The challenge that parties must take into consideration during the pandemic is how they will remain separated. This can be an extremely challenging logistical obstacle, especially if you live in an area where affordable housing is hard to find, or if there are children involved in the divorce. Before moving ahead with your divorce, be sure to consider whether you will have to be separate for six months or a year, and how you will manage that separation.

Additionally, if you live in Maryland and believe you may go through a fault-based divorce, there may be changes to the separation waiting period requirement. It is ideal to contact an attorney before initiating this type of divorce. Fault-based divorces require substantial amounts of evidence, and there are also techniques to defend against these allegations. Lastly, fault-based divorces may influence the amount of alimony and/or child support that is ordered.

Some states allow you to propose to the court that you are separate even though you are cohabitating. Unfortunately, Washington D.C. and Maryland do not fall into those categories. Both jurisdictions require physical separation and no cohabitation for at least six months or a year, depending on the status of any shared children.

Mediation and Separation Agreements

An effective alternative to court proceedings is mediation and separation agreements. This involves using mediators and your attorneys to negotiate and draft an agreement between both parties. Such an agreement will have to be approved by the court; however, this process saves a significant amount of time and can expedite the divorce process. In a mediation, both parties will present their goals and wishes, the mediators will attempt to draft an equitable, fair, and balanced separation agreement.

Mediation is ideal for divorces that do not have significantly contested issues. Even in agreeable scenarios, there may be some differences in opinion; however, that is the mediator’s job to resolve. If the negotiations ultimately fail, the parties will then have to go to court.

Child Custody and COVID-19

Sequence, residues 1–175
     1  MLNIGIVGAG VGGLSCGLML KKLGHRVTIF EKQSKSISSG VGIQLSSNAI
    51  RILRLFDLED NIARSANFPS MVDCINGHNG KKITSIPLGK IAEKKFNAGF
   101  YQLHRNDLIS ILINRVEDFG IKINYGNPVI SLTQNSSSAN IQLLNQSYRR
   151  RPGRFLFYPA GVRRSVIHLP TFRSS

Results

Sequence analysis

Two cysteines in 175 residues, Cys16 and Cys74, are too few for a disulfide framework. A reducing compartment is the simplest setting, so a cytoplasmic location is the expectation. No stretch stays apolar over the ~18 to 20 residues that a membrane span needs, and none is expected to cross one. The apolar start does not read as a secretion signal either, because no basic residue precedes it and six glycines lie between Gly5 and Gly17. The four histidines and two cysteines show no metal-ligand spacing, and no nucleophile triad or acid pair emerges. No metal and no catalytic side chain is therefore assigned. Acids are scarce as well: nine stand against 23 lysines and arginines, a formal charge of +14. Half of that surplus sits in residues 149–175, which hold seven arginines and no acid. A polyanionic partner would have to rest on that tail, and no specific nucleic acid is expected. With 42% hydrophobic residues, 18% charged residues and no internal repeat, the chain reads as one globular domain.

As previously mentioned, one of the bigger challenges in divorces is child custody. This can be an extremely emotional topic in any divorce case. The added stress of COVID-19 and the possibility of transmitting it between households between established visitation rights is also of great concern.

If you have an amicable divorce, it is possible to modify your child custody order by putting down any modifications on paper. It does not have to be particularly formal, but it is advisable to contact your attorney before changing the rules. If both parents are on healthy and friendly co-parenting terms, they can agree to do things like logging how much time has been missed, increasing video/telephone calls, creating social distancing rules for each household, and so on. With these changes, both parents can be confident that the increased safety measures may reduce the risk of transmission.

However, if you experienced a hostile and disagreeable divorce, and one parent is engaging in behavior that you believe is unhealthy or hazardous, you should immediately contact an attorney. The next best step is for the attorney to file an emergency temporary custody order. This will be presented to a family court judge for a determination.

Contact The Law Offices of Thomas Stahl

COVID-19 does not appear to be going away any time soon. If you are dealing with a divorce, and also have concerns about how this pandemic may affect the process and your family, contact The Law Offices of Thomas Stahl for help at (410) 696-4326. We have extensive experience in handling divorce cases and will work with you to make sure you are guided through this complicated process during the uncertainty created by COVID-19.